Before a being can enter on the first of those four stages, he must have overcome the first three out of the ten bondages of the mind. First amongst those three comes Sakkayaditthi, the belief or opinion that there exists within us any sort of permanent self or soul, whether great or small, mean or exalted, gross or subtle. When a thinking being has broken through that bondage (it is like the little stem and root fibre that first pierces through the hard triple cuticle of the germinating seed) and, together with it, has freed himself from Vicikiccha dubiety or hesitance between two courses of action, doubt as to whether one’s conception of the Dhamma is correct and Silabbataparamasa, belief in the power of rites, rituals, spells and prayers to effect any real change within his being, then he has reached the first of the four stages; he has become Sotapatti, “He who has entered on the Stream,” that stream in the ocean of Samsara which sets fair towards Nibbana’s distant shore.
Here is implied another usage of our Sammaditthi, namely, one standing, as it were, midway between the mere intellectual acceptance of the Four Noble Truths, and that widest meaning of the term which we have designated “fullest insight,” for the breaking of this bondage of the Self delusion means far more than the mere holding of the opinion “there is no self.”
Although standing at the very beginning of the Path, this middle mode of Sammaditthi implies a very great advance in comprehension of the Truth about Life. It is said in our Scriptures that whoso has “entered on the Stream,” and thus in this middle sense is Sammaditthi, has before him at the most not more than seven lives it may be less, but that is the utmost possible; therefore, in reality, the gaining of even thus much of this right understanding is a very great achievement, one which few indeed now living have attained to, a position which can be won only as the outcome of the fruit of many lives of earnest searching after Truth.
Thus we have before us these three modes or meanings of Sammaditthi. First, the merely intellectual appreciation of the Truth of the fundamental teaching of the Dhamma, an appreciation to which, as I hope, we all have long since attained. In Ceylon, where the Magadhi, the Mula-bhasa or sacred language of Buddhism, is still, amongst the learned and the monks, a spoken language, if you ask a learned monk of what religion such-and-such a Buddhist is, he will reply, not “Buddhagama” (of the Buddhist religion) but “Sammaditthi,” using this the narrowest mode or meaning of the term. In English, indeed, we, speaking of our religion, or spoken of by others, term ourselves or are termed “Buddhists,” but, convenient as it is, the term is not correct. We are, or should be Sammaditthi, having Right Understanding of the fundamental facts of life. We cannot truly claim to be Buddhists, save as a mere measure of convenience and for the sake of ready comprehension of our religious principles, for that term, if we trace it to its root meaning, would imply the claim of full enlightenment, seeing that the root is bodh, to be Awakened, Illuminated, Wise. Even if we take the word “Buddhist” to imply a follower of the religious teaching peculiar to the Buddha, it still involves a certain amount of misconception, for, much of what the World calls Buddhist doctrine was well known in India long before the Buddha’s day, and is thus in no true sense the special teaching of the Buddha. To one who is Sammaditthi, all that pertains to the deeper truths about life, whether first enunciated by the Buddha or no, is part of his religion, and we may take this intellectual assent to Truth as being the determining factor in this the minor mode of usage of Sammaditthi. Right Understanding, right appreciation of the Truth, that is this mode of Sammaditthi, and that we trust we have all now obtained.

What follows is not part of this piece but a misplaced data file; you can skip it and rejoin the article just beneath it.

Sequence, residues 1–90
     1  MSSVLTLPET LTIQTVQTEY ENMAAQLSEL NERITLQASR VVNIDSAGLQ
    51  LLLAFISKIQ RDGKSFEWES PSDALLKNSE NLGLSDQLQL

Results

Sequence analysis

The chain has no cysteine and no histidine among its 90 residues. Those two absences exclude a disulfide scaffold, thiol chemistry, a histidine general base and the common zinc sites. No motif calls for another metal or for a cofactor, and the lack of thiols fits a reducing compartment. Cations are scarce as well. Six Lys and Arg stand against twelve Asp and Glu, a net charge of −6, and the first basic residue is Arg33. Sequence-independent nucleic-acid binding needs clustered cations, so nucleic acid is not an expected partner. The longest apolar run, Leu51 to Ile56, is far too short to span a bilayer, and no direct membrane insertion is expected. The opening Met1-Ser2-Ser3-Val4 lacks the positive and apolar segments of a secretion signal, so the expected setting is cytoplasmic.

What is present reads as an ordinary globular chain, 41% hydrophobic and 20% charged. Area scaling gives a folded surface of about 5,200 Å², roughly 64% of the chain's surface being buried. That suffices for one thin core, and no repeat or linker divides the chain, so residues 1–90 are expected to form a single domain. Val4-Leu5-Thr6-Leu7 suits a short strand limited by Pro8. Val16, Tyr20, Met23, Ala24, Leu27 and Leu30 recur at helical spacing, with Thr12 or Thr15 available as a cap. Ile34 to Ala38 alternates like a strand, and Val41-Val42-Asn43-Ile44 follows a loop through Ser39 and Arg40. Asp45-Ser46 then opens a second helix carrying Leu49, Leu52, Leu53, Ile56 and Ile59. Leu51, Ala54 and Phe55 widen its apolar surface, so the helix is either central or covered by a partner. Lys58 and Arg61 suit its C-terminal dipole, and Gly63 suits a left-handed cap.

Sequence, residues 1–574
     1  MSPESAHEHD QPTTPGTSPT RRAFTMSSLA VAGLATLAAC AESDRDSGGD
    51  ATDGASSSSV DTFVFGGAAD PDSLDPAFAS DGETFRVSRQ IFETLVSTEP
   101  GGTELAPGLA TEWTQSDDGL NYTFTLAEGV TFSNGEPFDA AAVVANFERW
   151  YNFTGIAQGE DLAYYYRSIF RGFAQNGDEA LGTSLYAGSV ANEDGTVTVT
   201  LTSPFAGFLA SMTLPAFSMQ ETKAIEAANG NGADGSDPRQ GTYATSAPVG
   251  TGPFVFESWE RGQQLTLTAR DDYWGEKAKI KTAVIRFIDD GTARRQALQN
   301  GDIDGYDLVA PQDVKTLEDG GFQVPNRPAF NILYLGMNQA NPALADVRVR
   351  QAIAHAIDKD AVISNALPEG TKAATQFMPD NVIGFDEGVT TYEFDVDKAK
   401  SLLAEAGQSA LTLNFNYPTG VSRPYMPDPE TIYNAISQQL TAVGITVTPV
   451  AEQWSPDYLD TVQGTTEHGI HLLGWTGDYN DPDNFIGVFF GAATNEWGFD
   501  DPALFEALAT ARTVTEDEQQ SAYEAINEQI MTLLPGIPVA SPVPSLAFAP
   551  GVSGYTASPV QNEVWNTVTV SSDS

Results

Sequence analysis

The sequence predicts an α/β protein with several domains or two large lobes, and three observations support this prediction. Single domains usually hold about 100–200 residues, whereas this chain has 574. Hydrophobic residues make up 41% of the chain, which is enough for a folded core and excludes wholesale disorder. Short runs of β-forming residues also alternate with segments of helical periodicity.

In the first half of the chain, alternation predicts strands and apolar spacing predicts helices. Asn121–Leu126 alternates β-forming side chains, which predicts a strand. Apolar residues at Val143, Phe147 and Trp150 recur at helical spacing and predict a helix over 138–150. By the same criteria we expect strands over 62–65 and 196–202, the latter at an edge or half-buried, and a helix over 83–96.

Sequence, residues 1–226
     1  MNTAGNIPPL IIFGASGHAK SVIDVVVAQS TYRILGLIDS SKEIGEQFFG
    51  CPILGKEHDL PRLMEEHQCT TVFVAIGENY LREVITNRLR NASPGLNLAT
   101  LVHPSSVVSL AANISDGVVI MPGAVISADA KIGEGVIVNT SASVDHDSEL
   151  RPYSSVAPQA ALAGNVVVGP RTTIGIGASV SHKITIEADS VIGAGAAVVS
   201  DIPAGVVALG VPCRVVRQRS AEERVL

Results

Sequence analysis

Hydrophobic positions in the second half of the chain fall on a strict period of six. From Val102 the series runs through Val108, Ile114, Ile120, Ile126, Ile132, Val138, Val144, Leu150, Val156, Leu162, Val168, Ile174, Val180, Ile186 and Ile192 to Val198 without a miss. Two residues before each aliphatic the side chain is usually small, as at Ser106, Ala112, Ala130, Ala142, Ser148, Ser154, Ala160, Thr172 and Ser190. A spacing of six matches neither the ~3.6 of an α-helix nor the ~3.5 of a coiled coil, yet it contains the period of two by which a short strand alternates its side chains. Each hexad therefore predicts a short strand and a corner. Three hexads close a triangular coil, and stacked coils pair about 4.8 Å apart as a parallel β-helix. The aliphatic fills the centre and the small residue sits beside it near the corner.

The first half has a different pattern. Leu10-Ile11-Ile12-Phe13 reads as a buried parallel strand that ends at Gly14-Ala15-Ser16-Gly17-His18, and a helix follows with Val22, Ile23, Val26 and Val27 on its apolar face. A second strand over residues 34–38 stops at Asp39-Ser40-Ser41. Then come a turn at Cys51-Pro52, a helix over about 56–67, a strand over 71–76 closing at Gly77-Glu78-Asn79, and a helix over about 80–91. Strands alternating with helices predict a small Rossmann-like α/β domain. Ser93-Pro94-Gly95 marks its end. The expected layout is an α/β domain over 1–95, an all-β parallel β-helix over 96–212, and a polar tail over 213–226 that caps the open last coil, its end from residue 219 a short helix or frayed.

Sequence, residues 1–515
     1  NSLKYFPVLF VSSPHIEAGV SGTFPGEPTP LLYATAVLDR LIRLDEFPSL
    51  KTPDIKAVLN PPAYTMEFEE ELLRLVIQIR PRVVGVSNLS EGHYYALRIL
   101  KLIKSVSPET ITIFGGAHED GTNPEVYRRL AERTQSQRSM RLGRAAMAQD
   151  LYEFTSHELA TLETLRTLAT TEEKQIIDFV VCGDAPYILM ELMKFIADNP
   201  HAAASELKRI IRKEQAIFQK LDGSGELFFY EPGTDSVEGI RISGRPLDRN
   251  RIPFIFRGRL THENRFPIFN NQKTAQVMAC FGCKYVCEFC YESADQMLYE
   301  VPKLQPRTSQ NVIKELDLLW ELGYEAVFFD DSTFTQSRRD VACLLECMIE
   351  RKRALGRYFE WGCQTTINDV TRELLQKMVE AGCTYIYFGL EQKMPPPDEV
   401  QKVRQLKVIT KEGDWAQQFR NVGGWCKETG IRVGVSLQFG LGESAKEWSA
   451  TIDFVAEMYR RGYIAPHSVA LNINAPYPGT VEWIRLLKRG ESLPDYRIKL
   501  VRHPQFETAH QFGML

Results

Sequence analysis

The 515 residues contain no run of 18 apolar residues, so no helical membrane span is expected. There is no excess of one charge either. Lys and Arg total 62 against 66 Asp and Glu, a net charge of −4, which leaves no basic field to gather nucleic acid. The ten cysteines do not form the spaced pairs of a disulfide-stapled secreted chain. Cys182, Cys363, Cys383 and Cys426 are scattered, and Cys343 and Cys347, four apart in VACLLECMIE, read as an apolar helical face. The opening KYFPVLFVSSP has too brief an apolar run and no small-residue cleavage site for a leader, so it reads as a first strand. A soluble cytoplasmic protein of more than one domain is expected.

Secondly comes the middle mode, that usage of the term which, together with the breaking of the bondages of doubt and ritual reliance, involves the “entering of the Stream,” that great spiritual attainment which constitutes the first stage upon the Fourfold Path. And yet, beyond that, great though in our eyes such attainment be, far yet beyond that lies the major mode wherein Sammaditthi means the final destruction of Avijja, of Nescience, of Not Understanding, the attainment of the position of the Saint or Arahant, the winning in the highest degree of that fullest insight or higher wisdom which, as has been said, lies far beyond any mode or mental functioning of which we now are cognisant. Between the mere acceptance of right views concerning life and that supreme attainment of the Arahant lies the whole mass of Buddhist teaching lies also the whole long path of patient culture, of slow growth, extending, it may be, over many a following life, which leads from all life’s turmoil to the Peace, to which, in the hope of every Buddhist, not only he, but in the end all living creatures, may one day attain.